Introduction to Roofing with Slate
Whatever the angle of roof pitch working on any roof is dangerous. And the hazards or working on a steep roof pitch are difficult for novices to overcome. Coping safely on a shallow roof pitch is possible as long as sensible precautions are observed but working on a steep roof pitch requires careful detailed prior planning, the right equipment and if necessary advice from experts familiar with working on such a steep roof pitch. Ladders with special hooks to secure them to the peak are available for use on a steep roof pitch for inspection purposes, but when actually undertaking repairs a Scaffolding should always be used.
KCS recommends that anyone inexperienced in working on a steep roof pitch (or indeed any roof) is best advised to find a contractor to do the work instead. Check in advance that the contractor has public liability insurance. A claim on your own policy in the event of damage or injury may be difficult.
Roof Pitch and Slate Roofs
Roof pitch is an important consideration when contemplating a slate roof. The degree of roof pitch will determine which slates can be used or even whether a slate roof is advisable at all. A roof pitch of at least 22.5 is commonly regarded as the minimum although some slate products can cope with a shallower roof pitch. Redlands Roofing Systems artificial interlocking slate ‘Cambrian’ specifies a minimum roof pitch as low as 15 Deg in limited conditionsand there are one or two other which say they are suitable for a slate roof pitch as low as 17.5. But in practice the product specification is only the starting point. Slate, like any roofing material is only suitable on any given roof pitch dependant on other variables such as rainfall levels, snow loading and the roof’s actual elevation. A slate roof pitch which works on a three story house will not necessarily work on a very low pitch bungalow.
A steeper slate roof pitch copes better with adverse weather. Any shallow slate roof pitch is susceptible to the wind forcing snow and rain under the slates. Although some slates are treated to make them rain resistant, natural slate is a natural material and is therefore porous. So slate is suited to a steeper roof pitch. Reclaimed slates in particular may not have the necessary rain proofing treatment to make them usable on a shallow roof pitch. A steeper slate roof pitch will shake off rainwater and even snow but large amounts of rainwater lingering on a shallow slate roof pitch will soak into the slate. Snow in particular on a shallow slate roof pitch will stay in place for some considerable time and the underside of the snow might be liquid owing to heat rising from the house. Anyone contemplating roof slates at the lowest end of the manufacturer’s recommended roof pitch should therefore consider placing a membrane under the slates to ensure that the slating battens under any shallow slate roof pitch are treated with preservative to cope with water seeping under the slates.
Slates take longer to fit than tiles. Each one needs to be secured in place by two nails. Depending on the product, the roof pitch, the degree of exposure and the size of the slates, the supplier will recommend the minimum spacing ‘gauge’ for the batten and the batten size required. But if the distance between the rafters is higher or the slates are heavier than usual, larger battens may be necessary. ‘Tanalised’ treated battens are recommended to cope with the damp or wood boring pests. Roofers using reclaimed slates however need to work out the ‘gauge’ and other variables for themselves depending on the roof pitch and the degree of exposure. If the roof pitch varies, as it might do when there’s a window in the roof, or if different slopes are present for other reasons, roofers always rely on the lowest gauge present on the roof for the entire roof area otherwise the slates won’t align correctly. In some instances the manufacturers also specify the slate overlap. With slate the ‘headlap’ is typically at the lower end of a range of between 75mm and 100 mm. But the terms ‘overlap’ and ‘headlap’ can be confusing. ‘Headlap’, the term commonly used when referring to slate only refers to the part of the slate between its lower edge and the fixing holes half way down.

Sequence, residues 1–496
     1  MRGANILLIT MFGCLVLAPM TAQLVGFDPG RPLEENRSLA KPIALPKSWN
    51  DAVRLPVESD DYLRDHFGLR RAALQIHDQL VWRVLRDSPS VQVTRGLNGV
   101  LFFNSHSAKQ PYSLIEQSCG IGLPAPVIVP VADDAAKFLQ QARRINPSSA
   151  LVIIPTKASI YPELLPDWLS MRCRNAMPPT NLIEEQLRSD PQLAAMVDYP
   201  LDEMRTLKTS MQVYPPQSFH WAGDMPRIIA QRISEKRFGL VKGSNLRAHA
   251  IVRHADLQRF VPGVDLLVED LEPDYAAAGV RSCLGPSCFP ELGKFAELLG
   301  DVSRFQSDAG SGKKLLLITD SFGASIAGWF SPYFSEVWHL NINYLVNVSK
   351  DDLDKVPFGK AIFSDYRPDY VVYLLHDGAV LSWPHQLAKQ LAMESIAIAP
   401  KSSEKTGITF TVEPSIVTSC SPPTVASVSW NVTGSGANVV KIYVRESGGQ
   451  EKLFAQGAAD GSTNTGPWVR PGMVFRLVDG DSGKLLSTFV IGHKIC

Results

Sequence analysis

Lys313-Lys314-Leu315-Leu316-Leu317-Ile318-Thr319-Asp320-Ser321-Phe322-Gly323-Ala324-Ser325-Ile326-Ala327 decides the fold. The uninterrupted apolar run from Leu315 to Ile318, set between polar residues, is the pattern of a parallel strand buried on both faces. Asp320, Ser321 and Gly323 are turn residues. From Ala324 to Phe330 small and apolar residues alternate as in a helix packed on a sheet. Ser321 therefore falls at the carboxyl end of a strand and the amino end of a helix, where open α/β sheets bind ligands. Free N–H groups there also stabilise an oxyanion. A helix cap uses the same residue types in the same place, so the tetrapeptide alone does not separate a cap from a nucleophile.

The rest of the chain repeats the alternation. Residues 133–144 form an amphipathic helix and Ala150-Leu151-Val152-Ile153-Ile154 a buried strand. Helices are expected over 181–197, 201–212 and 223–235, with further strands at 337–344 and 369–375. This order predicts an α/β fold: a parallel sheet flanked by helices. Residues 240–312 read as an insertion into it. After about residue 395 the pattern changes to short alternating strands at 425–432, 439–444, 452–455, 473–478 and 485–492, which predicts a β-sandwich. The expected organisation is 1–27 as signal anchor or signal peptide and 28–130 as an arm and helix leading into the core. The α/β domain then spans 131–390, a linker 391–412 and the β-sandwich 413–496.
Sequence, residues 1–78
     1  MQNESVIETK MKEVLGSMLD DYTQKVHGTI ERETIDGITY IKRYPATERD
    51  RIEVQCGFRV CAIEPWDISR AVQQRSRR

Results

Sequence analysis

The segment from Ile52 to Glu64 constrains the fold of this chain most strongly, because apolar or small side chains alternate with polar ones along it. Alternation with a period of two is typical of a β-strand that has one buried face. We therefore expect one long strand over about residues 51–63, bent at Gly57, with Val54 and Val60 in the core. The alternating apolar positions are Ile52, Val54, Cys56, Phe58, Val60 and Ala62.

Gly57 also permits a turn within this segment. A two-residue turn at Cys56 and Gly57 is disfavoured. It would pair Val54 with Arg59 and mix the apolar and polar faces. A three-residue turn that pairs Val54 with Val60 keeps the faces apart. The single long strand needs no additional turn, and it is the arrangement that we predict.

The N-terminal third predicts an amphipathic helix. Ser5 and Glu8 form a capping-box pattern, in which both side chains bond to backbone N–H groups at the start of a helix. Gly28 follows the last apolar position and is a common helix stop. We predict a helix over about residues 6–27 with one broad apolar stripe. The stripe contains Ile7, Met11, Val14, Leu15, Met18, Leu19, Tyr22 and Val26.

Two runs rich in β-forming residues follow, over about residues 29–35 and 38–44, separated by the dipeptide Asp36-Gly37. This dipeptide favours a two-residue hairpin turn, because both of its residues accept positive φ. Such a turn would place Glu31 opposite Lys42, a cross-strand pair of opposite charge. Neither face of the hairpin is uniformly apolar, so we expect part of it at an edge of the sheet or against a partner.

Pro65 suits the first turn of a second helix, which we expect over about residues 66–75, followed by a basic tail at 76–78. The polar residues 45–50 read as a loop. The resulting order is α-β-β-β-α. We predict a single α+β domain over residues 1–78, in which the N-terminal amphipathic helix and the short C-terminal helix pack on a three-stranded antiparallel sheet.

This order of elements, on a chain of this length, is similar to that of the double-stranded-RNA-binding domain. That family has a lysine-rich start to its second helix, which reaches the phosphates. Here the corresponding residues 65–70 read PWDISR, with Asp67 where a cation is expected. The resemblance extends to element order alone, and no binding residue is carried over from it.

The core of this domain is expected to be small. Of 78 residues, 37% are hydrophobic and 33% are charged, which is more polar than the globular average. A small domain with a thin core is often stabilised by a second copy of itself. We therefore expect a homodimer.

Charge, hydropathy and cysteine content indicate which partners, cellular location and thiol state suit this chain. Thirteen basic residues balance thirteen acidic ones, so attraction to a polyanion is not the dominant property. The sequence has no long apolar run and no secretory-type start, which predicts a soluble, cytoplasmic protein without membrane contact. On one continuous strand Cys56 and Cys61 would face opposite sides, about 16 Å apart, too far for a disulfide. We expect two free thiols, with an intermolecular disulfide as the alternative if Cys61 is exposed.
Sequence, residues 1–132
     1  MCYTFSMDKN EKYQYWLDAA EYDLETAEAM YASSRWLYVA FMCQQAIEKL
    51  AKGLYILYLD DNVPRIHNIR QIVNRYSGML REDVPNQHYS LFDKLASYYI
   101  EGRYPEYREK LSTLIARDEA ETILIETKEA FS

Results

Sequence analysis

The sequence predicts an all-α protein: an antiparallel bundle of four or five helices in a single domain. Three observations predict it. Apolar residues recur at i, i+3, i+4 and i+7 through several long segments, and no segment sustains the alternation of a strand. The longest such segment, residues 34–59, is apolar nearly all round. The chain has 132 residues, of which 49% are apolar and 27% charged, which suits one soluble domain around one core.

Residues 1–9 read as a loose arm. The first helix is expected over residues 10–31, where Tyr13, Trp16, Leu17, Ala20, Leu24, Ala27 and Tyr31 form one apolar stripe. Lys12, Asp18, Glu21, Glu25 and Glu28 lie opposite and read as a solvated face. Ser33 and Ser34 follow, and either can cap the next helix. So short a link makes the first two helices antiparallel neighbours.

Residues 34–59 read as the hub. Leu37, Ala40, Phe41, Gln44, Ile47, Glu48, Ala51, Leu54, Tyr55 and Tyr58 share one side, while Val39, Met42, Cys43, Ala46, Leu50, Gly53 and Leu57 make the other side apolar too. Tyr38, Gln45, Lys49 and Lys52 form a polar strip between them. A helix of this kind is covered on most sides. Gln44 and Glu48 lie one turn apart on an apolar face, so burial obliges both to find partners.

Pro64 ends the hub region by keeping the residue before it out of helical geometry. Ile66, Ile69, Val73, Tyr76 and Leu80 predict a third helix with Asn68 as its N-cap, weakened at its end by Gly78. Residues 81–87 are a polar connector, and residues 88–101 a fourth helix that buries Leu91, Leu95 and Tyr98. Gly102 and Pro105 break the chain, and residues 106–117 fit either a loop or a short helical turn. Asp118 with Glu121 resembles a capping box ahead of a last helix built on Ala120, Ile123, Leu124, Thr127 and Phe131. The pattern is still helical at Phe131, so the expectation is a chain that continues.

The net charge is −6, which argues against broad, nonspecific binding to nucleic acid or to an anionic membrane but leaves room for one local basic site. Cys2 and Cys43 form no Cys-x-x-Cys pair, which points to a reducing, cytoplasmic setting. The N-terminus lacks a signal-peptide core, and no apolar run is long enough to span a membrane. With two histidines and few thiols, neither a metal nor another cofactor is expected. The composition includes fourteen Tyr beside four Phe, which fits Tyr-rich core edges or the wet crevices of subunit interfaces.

Starting at the lowest edge of the roof, the battens are placed to ensure that the slates provide the necessary overhang at the fascia. Roofers use a string line to ensure that the set up is consistent across the roof and nail the batten into each rafter to a minimum of 40mm. The process in then repeated right up the roof. Slates are then laid upon the fixed battens in a pattern known as ‘brick bond’, with the joints aligned with the centre point of the slate below and above. ‘Double lap’ pattern involves covering the top part of each slate with two slates. The steeper the slate roof pitch the smaller the overlap necessary. Aluminium, copper or stainless steel nails are regarded as preferable to galvanised ones to avoid corrosion and slates are nailed either in the middle or close to the top. Provided that non corroding nails are used roofers usually nail the slates at the centre to reduce the risk of them being lifted in the wind.
KCS will be publishing further articles on the details of laying each pattern and how to cope with verges (the gable end) and the ridges and hips. We will also be publishing guidance on the calculations relating to fixing of battens where no manufacturers advice at all is available. In the meantime anyone with any specific enquiries can contact us on our email address for a reply by return .